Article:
wants higher taxes but no one should be in the position of having to balance out
the international and domestic situations we have now. We must tighten our belts
for the good of all.
Sir, – Regarding the
government’s recommendation to raise the VAT, Shaul Mofaz’s disgusting comment
is matched by your decision to place it as a sub-headline on your front
Shame on both you and Mofaz.
Sir, – Seth J. Frantzman’s expose of the attempt to further raise the
tariff walls that keep olive oil imports from competing with domestic production
(“Drowning in olive oil... prices,” Terra Incognita, July 25) is a microcosmic
example of the cartel cronyism that has infected virtually every area of the
Israeli food distribution system.
Armed with a license for the most
shameless price gouging ever witnessed, the perpetrators of this outrage have
turned Israel into arguably the most expensive basic commodities market in the
developed world while helping push 35 percent of our population below the
Being a lifelong advocate of free-market price
determination, the thought of price controls is anathema. But absent some real
self-restraint on the part of the cartels and/or a significant lowering of the
tariff obstacles to overseas competition, I can see no other way of lifting this
onerous yoke from the neck of our people.
By the way,
Sir, – Mitt Romney will be visiting Israel soon (“Romney takes campaign
abroad for a week,” July 25). Do the country’s leaders have the chutzpah to ask
him to denounce his church (Latter Day Saints) for retroactively baptizing Jews
murdered during the Holocaust? As an American Jew who lives in Utah I feel it’s
outrageous that the Mormon church has baptized Jews.
Matters of taste
Sir, – You used nearly a third of a page to feature a
silly article about someone who tried to make jellyfish edible (“Vengeance
against jellyfish turns out to be more rubbery than sweet,” July 25).
writer admitted that jellyfish were prohibited under the laws of kashrut – this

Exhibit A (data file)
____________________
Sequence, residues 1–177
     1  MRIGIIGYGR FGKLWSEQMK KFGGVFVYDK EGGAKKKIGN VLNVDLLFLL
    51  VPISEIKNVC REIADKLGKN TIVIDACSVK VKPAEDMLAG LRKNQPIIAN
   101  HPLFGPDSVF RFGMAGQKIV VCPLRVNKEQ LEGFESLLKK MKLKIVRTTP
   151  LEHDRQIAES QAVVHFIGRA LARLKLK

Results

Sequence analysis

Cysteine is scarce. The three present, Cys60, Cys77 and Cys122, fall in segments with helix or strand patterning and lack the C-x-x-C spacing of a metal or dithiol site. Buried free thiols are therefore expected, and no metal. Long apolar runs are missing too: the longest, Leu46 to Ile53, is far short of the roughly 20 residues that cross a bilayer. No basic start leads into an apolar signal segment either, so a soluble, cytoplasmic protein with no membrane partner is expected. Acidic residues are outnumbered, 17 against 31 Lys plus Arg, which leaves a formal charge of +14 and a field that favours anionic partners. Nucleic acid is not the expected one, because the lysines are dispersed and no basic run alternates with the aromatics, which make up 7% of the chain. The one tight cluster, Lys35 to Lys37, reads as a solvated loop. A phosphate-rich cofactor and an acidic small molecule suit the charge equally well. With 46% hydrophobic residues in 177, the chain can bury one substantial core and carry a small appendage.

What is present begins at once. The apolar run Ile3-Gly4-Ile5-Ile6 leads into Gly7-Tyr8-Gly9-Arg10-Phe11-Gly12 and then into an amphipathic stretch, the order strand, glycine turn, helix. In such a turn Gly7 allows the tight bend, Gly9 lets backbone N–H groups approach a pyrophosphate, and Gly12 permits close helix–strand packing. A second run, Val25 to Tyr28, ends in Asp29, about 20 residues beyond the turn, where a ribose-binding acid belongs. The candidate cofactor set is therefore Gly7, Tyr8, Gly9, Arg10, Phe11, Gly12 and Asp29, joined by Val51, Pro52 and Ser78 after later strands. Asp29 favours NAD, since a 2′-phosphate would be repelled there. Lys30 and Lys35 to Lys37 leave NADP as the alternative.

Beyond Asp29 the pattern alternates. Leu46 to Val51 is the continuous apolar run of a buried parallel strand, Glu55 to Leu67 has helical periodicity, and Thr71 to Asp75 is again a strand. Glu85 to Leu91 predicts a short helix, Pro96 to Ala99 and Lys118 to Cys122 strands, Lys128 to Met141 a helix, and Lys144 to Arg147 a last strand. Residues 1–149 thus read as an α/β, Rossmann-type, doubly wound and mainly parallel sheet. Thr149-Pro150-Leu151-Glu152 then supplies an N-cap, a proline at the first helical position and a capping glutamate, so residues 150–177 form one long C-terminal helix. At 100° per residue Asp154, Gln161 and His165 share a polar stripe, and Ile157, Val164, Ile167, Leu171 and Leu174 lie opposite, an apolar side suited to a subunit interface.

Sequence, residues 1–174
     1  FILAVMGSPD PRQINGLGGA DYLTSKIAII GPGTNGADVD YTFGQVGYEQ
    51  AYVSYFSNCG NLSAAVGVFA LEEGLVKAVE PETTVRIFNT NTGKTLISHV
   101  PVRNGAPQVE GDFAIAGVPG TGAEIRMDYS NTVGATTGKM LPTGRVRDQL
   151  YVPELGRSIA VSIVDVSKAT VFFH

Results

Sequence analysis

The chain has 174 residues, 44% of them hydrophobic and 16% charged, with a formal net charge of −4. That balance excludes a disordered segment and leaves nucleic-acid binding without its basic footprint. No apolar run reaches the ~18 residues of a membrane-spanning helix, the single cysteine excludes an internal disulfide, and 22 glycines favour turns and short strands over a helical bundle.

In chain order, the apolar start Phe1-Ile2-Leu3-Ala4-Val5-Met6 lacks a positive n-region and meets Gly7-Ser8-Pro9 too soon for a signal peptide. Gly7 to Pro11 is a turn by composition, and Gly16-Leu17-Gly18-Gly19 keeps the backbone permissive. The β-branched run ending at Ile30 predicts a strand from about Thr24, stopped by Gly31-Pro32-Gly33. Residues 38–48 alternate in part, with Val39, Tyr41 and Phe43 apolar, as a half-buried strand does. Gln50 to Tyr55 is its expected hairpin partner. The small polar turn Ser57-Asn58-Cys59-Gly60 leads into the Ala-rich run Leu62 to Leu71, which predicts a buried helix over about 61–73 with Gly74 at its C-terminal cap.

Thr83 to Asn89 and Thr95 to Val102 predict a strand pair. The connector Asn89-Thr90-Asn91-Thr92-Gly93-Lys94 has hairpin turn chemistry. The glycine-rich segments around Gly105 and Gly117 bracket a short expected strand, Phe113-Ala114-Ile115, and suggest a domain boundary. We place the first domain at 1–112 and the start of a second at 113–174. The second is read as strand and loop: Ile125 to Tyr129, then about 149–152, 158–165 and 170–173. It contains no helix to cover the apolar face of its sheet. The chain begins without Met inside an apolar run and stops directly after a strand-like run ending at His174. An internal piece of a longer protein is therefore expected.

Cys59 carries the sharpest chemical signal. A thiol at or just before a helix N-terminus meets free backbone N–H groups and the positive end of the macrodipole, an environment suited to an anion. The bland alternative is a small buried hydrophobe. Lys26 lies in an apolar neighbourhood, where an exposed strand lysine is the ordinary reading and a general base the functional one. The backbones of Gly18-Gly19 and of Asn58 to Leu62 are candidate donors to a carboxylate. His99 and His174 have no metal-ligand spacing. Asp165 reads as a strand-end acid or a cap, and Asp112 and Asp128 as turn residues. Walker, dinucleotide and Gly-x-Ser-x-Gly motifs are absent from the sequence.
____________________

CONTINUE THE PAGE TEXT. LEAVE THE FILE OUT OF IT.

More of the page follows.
on a page dedicated to the French apology for the wartime roundup of Jews, an
appeal by the widows of the murdered Munich athletes and the restoration of
awareness of the Jewish past in Poland and Slovakia.
Those items related
to Jews who suffered because they were Jews, and who were Jews because they and
their ancestors adhered to Jewish customs and traditions.
Had the piece
been printed on the first of April it might have got a laugh but during the nine
days leading up to Tisha Be’Av it was offensive and in bad taste.
Sir, – With Britain’s latest insult to
Jerusalem (“Israel sparring with BBC for right to have capital listed on Olympic
site,” July 22), surely the time has come to consider renaming the capital’s
second most important thoroughfare.
King George Street was imposed on
Jerusalem during the mandate era and commemorates the irrelevant fact that
George V was Britain’s monarch at the time that Gen. Allenby conquered the
The continued use of the name is aggravated by the fact that George
V himself made no contribution to society. He sired a son who was a Nazi
sympathizer and a great-grandson who thought it fun to dress up in a Nazi
His granddaughter, the present monarch, has visited many tin pot
dictatorships and also invited the Butcher of Bagdad to tea. However,
Israel is not and has never been on her itinerary.
Surely the time has
come to submit a name with historical Jewish significance that would remove the
stain from this important byway. Yitzhak Shamir Street, perhaps?